London Carbonic Acid Gas Works relics. Between Bream Street and the canal. A three-storey block of c. 1898 designed for gas purification, a two-storey block of c. 1933 for production of gas from magnesite and closest to the canal, a single-storey works for production of ebonite screw stoppers, c. 1924
This road only ran from Stratford Broadway to some works until after the East London Waterworks reservoir closed, and named for the Worshipful Company of Carpenters who owned a farm in marsh land here from 1767. The road appears to have vanished.
Kings Yard. One of the factories of confectioners Clarke Nickolls & Coombs Ltd, who traded as Clarnico. The firm was founded in 1872 and had number of works in the area, later taken over by Trebor Sharps. This three-storey, canal side building built in 1905 was the starch department, later a warehouse. Adjacent buildings built in 1908, were the lozenge department. There was also a two-storey carriage house, a single storey peel shed, and a range of stables. There were also works on the south side of the road. The building was bombed in the Second World War. King’s Yard was the centre of a campaign to save the building from demolition following plans to convert the structure into an energy facility for the Olympics.
Inflatable Ruin was installed as a public art work on the since demolished Lozenge Building
Vigremont Chemical Works 1890s. Boake, Roberts and Co. moved to the Vigremont works which became their headquarters from 1900. Arthur Boake came to London from Dublin in 1869 and produced brewing chemicals - bisulphite of lime – and later a product for clarifying wine. He was joined in 1876 by Francis Roberts. They moved Warton Road in Stratford and then to two sites on opposite sides of Carpenters Road. They undertook large scale production of Sulphurous Acid and Sulphites, Phosphoric Acid and Phosphates, Barium and Strontium Nitrates. In the 1890s they also made flavouring essences and essential oils. After the Great War they also made organic solvents, esters, plasticisers and food colours. They were taken over by Albright and Wilson in 1966 and became Bush, Boake & Allen Ltd, later part of International Flavours and Fragrances. They produced amyl and ethyl acetates and in the 1950s metallic stearate intermediates for plastics and plant.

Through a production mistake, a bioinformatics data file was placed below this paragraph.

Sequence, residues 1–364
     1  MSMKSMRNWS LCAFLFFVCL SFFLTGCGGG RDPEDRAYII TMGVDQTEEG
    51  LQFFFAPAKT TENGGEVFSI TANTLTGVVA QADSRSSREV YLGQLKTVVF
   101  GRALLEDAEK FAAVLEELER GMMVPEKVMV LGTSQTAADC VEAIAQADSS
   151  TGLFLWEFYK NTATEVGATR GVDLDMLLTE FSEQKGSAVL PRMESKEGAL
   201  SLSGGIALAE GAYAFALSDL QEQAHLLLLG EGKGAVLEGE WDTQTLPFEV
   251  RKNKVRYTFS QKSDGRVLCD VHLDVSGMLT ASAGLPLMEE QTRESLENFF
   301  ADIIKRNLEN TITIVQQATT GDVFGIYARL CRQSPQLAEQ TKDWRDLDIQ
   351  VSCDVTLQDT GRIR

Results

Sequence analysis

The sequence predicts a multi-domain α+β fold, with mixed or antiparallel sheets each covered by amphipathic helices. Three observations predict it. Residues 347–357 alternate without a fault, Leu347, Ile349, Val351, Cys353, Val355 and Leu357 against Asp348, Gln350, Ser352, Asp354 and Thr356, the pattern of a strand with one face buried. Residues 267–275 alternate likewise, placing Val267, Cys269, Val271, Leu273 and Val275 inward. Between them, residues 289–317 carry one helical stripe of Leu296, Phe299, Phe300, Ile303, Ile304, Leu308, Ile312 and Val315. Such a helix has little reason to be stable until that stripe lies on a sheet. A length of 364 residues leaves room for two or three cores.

Johnson’s Saccahrum Co Ltd. Taken over by Berry of Boake Roberts and Co who were next door. Boake had a caramel department and Berry was interested in brewing sugars. In 1906 they formed Sugar and Malt Products Ltd. and took Johnson’s over
Channelsea Tallow Works. George Johnson and Sons. Tallow melters 1890s/This later became a sack works.
Towler Engineering works. This company was also based in Sugar House Lane 1930s
Britannia Works. A brick former office stood north of Carpenter’s Road, east of the junction with Water den Road, dated 1896 -1916 as part of Grover’s Britannia Works and engineering company.
Imperial Works. Fur processing plant in the 1950s. Asteroid Storage Engineers.
Messina Works and Palermo Works. The Confectioners, Vegetable Colours & Fruit Essences Company Ltd. The works supplied colourings and flavourings to the confectionary and ice cream making trade.
Gliksten Timber Yard. J.Gliksten & Son Ltd, the east end's largest timber yard established 1912-13. There were ramps on the Hackney Cut for three electric travelling cranes used to transfer logs and timber from barge to stockpile. An early 20th warehouse on the site became known as Brundles Industrial Warehouse, a brick-built shed in three sections, with a modern office extension.